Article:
Mayor Bill de Blasio announced that New York City public schools will observe two Muslim holidays. Thus, New York joins New Jersey, Massachusetts and Vermont, states that have already made Muslim holidays official.
“This is a common sense change, and one that recognizes our growing Muslim community and honors its contributions to our City.”
says mayor de Blasio. This enactment comes in support of hundreds of thousands of Muslim families, that no longer have to choose between having their children marked absent and practicing their religion.
The two holidays that will be added in the 2015-16 school calendar are Eid al-Adha and Eid al-Fitr. The former is a festival that celebrates Abraham`s sacrifice of his own son, Isaac, to God. This is a story also found in the Bible`s Old Testament and in the Jewish Torah. The latter is the last day of the holy month of Ramadan and it falls over the summer break in 2016, but targets the students attending summer schools.
It is estimated that there are up to one million Muslims in New York and roughly 10 percent of the students in public schools are of Islamic religion, according to a 2008 Columbia University study.
“Muslim children will never again have to choose between their faith and their education. Today is a day that will go down in history. We did this for our children and the generations to come. Thank you New York City for making me even more proud to be a New Yorker. I thank Allah for allowing me and my colleagues to see the fruits of our labor.”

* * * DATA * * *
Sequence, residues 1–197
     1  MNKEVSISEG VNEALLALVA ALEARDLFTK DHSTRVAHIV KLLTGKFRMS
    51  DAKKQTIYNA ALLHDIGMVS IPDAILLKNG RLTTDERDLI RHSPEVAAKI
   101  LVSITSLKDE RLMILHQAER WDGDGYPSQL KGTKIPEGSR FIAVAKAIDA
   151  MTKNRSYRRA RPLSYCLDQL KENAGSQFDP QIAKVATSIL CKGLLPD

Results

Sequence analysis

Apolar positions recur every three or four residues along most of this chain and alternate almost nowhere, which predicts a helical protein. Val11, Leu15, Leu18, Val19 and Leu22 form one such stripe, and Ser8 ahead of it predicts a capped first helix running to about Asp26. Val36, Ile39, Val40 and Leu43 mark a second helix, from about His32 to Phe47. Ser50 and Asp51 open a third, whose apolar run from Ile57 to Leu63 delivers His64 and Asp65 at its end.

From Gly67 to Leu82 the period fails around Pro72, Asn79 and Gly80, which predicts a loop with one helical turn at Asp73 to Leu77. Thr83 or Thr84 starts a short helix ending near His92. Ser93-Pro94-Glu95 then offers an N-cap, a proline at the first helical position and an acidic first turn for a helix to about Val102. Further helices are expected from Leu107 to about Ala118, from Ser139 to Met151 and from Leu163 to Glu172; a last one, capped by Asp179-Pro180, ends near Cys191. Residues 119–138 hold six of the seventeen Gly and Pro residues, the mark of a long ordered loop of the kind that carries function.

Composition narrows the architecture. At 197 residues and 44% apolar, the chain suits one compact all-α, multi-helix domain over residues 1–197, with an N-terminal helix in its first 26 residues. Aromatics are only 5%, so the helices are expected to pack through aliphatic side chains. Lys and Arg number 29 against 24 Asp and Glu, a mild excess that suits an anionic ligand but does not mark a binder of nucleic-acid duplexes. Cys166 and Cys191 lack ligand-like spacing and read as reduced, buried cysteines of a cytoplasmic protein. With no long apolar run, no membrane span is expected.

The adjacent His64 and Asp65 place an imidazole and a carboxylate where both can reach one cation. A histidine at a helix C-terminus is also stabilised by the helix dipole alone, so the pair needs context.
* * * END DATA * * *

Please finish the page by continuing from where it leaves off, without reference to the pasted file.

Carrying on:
wrote Linda Sarsour, director of the Arab-American Association of New York in a post on Facebook.
Adding the two Muslim holidays to the public schools calendar is a decision that fulfils a campaign led by mayor Bill de Blasio, who pleaded for official recognition of diverse religious holidays in the educational system. The mayor said he upholds the Lunar New Year`s recognition to the calendar but admitted he does not have a firm position regarding the case of the Hindu holiday of Diwali.
“As a New York City public school student, I was marked absent when observing Muslim Holidays. As the parent of two public school students, my children have been marked absent for observing our Muslim Holidays. This has been a long fight that I and many others have advocated for many years and am happy the day has come that parents do not have to choose between their child marked absent from school or their religious observance.”
says Mona Davids, who is the president of the New York City Parents Union.
Bill de Blasio`s predecessor, Michael Bloomberg, did not support adding more holidays to the public school calendar. He reckoned that there wouldn`t be any school left, if the authorities were to close schools for every holiday. He considered the fact that New York is such a culturally diverse city that such a measure would not have been viable.
Eid al-Fitr and Eid al-Adha are now part of the public schools calendar, along with Christian holidays like Good Friday and Christmas and the Jewish Rosh Hashanah and Yom Kippur.
Image Source: New York Times